A primary concern surrounding Anderson was the second-year Major Leaguer handling reduced playing time with Scott Podsednik and Darin Erstad starting, while still getting the needed amount of at-bats for his continued development. But Williams' primary focus is taking the 25 players who give his team the best chance to win, with Anderson's stellar outfield defense apparently making him part of that group.

"There are times when you just have to push development thoughts and understand where a guy is in his evolution and where the team is and its goals and you just try to make the best decision," Williams said. "And that's what we're going to do. Whoever gives us the best chance."

"I want to keep either [Luis] Terrero or Brian," added Guillen of the final roster battle. "I don't care if Brian is going to be a backup man this year or a platoon guy. As long as we have the best thing this year to have a good year, I will keep Brian."

Anderson chose not to read too much into the comments until the news became official, which could come as soon as Wednesday morning.

"I've definitely brought this upon myself, so I deserve to have to do what I'm doing," Anderson said. "I shouldn't have had anything handed to me."

Unfortunate accident: Toby Hall was moved from his starting catcher's position to first base in the seventh inning of Sunday's Cactus League contest against Texas, replacing Eduardo Perez with the primary purpose of getting Hall a few extra at-bats. Hall was at first base in the ninth inning when he suffered an apparent season-ending torn labrum while diving for Ramon Vazquez's ground ball.

But nobody in the organization questioned Hall's presence at first, a position he actually could have been used at on a rare occasion or two during the regular season.

"Actually, his chances of getting hurt at first are far less than they are behind the plate," said Williams of Hall's injury. "As ironic as it is, I don't think it adds anything to it just because he was over there. It's just an unfortunate situation for everyone concerned."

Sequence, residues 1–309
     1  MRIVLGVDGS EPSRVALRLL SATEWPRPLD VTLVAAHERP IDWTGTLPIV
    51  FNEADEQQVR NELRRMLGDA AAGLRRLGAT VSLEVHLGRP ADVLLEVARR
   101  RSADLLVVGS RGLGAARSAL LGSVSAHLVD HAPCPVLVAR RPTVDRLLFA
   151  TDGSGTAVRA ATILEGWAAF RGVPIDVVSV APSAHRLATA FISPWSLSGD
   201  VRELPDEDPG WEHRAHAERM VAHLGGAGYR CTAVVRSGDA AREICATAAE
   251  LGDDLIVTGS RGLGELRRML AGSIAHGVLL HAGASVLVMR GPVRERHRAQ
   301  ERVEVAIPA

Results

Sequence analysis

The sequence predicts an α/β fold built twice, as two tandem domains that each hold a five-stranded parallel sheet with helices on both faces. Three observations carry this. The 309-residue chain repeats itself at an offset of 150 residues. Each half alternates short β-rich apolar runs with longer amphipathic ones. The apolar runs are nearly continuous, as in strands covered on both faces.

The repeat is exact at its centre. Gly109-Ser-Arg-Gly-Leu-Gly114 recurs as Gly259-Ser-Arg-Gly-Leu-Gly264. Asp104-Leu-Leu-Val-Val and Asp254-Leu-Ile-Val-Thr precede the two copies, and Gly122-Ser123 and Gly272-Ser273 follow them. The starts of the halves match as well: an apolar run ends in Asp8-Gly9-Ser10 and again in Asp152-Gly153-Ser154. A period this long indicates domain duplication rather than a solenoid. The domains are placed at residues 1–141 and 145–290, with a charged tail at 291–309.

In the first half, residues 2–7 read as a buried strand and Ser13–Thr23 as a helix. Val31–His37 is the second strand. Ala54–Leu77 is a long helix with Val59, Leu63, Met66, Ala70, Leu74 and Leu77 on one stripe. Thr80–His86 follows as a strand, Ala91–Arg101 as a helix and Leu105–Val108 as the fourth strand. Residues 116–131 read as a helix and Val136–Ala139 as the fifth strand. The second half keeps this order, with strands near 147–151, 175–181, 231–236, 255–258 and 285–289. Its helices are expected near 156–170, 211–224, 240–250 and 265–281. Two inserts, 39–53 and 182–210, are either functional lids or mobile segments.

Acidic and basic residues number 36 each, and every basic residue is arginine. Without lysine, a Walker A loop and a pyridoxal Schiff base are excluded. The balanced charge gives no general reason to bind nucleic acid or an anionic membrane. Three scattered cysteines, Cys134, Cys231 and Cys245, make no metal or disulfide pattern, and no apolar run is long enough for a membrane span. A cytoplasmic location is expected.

A.J. Pierzynski was even more strident in his response when asked about the serious injury being directly tied to the backup catcher's presence at first base.

"[Hall] played a whole game over there [previously], and [Ozzie] was just trying to get him at-bats and give him kind of a break," Pierzynski said. "It was just a bad luck thing and it happened. Ozzie shouldn't draw any blame at all. It's just one of those freak accidents.

"Heck, I could go out right now and get hit by a car walking down the street," Pierzynski added.

Around the horn: Juan Uribe felt no discomfort in his right calf after leaving Sunday's game early with a mild strain and will play in a game Tuesday. "It's nothing big," Uribe said. ... David Aardsma and Andrew Sisco, both battling for the final two bullpen slots, threw one scoreless inning apiece Monday. ... Javier Vazquez fanned Barry Bonds twice amongst his six strikeouts over 5 1/3 innings pitched against the Giants on Monday. "Barry is a great hitter, but they have a great lineup," said Vazquez, who allowed three runs on seven hits. "The whole lineup was a very good test." ... Jose Contreras will throw to Pierzynski in a Minor League game in Tucson on Tuesday.

Up next: The fifth starter slot has been filled by John Danks, but Gavin Floyd still could earn a long relief job with the help of an impressive start Tuesday in Tempe against the Angels. The first pitch is scheduled for 3:05 p.m. CT.

Scott Merkin is a reporter for This story was not subject to the approval of Major League Baseball or its clubs.